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Dr. Perales on Treatment With Approved CAR T-Cell Therapy

Miguel-Angel Perales, MD
Published: Tuesday, Jan 30, 2018



Miguel-Angel Perales, MD, deputy chief, Adult Bone Marrow Transplant Service, director, Adult Bone Marrow Transplantation Fellowship Program, Memorial Sloan Kettering Cancer Center, discusses determining which chimeric antigen receptor (CAR) T-cell therapy to use for patients with hematologic malignancies.

There are multiple FDA-approved CAR T-cell therapies for the treatment of patients with hematologic malignancies. In 2017, FDA approved tisagenlecleucel (Kymriah) in acute lymphoblastic leukemia (ALL) and axicabtagene ciloleucel (axi-cel; Yescarta) in non-Hodgkin lymphoma (NHL).

Choosing which CAR T-cell therapy to give to a patient has become a challenge, explains Perales. One consideration is which therapy is covered by the patient’s insurance. However, if there is an equal choice, it is important to balance the efficacy and safety of the treatment. It is hard to compare the studies of the CAR T-cell therapies side by side since they were not randomized trials, explains Perales.

Data with 4-1BB in the TRANSCEND study demonstrate some differences from other CAR T cells. Early data suggest that 4-1BB could have a better safety profile with lower levels of cytokine release syndrome, says Perales.
 


Miguel-Angel Perales, MD, deputy chief, Adult Bone Marrow Transplant Service, director, Adult Bone Marrow Transplantation Fellowship Program, Memorial Sloan Kettering Cancer Center, discusses determining which chimeric antigen receptor (CAR) T-cell therapy to use for patients with hematologic malignancies.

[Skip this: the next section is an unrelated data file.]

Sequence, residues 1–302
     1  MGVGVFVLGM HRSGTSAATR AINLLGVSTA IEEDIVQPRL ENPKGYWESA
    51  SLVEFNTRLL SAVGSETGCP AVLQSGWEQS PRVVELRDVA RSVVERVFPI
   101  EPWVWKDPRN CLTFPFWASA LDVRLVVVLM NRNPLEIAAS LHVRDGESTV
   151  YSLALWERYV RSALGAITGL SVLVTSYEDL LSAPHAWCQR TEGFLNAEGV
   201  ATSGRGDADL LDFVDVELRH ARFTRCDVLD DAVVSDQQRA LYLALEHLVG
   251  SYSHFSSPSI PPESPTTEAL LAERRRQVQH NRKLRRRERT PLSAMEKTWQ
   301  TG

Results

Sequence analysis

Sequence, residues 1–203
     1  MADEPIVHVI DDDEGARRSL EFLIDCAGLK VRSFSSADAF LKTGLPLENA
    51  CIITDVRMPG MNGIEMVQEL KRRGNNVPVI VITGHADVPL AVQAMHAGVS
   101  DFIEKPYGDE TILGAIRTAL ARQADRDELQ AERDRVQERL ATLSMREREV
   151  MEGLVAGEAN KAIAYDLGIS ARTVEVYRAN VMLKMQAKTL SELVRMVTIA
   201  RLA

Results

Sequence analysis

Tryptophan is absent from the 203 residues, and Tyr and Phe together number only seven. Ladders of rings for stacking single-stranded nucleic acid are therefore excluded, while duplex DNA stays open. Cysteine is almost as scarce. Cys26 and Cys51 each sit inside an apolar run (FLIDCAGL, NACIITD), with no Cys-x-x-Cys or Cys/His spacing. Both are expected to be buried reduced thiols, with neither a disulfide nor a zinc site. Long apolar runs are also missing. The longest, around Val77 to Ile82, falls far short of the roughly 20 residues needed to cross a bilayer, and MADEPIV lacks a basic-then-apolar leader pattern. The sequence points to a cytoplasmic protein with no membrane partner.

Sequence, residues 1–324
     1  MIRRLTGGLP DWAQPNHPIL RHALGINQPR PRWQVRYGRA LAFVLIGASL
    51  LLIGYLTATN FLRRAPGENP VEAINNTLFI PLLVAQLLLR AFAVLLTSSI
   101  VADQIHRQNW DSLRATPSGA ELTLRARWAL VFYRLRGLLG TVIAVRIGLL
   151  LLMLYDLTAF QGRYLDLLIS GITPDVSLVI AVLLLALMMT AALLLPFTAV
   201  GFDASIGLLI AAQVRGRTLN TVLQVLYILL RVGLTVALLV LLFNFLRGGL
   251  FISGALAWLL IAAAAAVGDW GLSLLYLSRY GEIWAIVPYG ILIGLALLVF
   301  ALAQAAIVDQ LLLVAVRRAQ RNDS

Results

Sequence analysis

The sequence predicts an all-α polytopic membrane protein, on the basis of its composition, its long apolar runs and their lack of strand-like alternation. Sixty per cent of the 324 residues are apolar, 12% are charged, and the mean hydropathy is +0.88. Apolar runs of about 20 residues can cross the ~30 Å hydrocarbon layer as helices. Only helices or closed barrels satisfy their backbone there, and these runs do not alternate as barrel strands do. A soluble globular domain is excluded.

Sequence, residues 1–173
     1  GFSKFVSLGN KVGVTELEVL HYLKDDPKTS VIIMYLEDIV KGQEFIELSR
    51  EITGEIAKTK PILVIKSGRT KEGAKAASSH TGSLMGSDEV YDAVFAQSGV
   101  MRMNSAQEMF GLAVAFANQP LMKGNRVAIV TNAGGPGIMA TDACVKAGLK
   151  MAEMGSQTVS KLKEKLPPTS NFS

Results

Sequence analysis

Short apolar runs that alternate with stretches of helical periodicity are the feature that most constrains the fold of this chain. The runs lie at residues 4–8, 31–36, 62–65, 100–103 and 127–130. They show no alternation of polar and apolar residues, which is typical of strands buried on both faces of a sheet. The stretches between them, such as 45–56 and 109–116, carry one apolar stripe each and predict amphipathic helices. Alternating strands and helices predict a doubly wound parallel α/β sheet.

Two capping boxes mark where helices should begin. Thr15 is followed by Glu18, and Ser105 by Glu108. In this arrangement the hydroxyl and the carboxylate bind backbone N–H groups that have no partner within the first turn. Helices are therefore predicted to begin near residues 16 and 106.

There are multiple FDA-approved CAR T-cell therapies for the treatment of patients with hematologic malignancies. In 2017, FDA approved tisagenlecleucel (Kymriah) in acute lymphoblastic leukemia (ALL) and axicabtagene ciloleucel (axi-cel; Yescarta) in non-Hodgkin lymphoma (NHL).

Choosing which CAR T-cell therapy to give to a patient has become a challenge, explains Perales. One consideration is which therapy is covered by the patient’s insurance. However, if there is an equal choice, it is important to balance the efficacy and safety of the treatment. It is hard to compare the studies of the CAR T-cell therapies side by side since they were not randomized trials, explains Perales.

Data with 4-1BB in the TRANSCEND study demonstrate some differences from other CAR T cells. Early data suggest that 4-1BB could have a better safety profile with lower levels of cytokine release syndrome, says Perales.
 

View Conference Coverage
Online CME Activities
TitleExpiration DateCME Credits
Rapid Reviews in Oncology®: Practice-Changing Data in Acute Myeloid Leukemia: A Rapid Update From Atlanta OnlineDec 21, 20182.0
Year in Review™: Reflecting on Recent Evidence for the Treatment of Hematologic MalignanciesFeb 28, 20192.0
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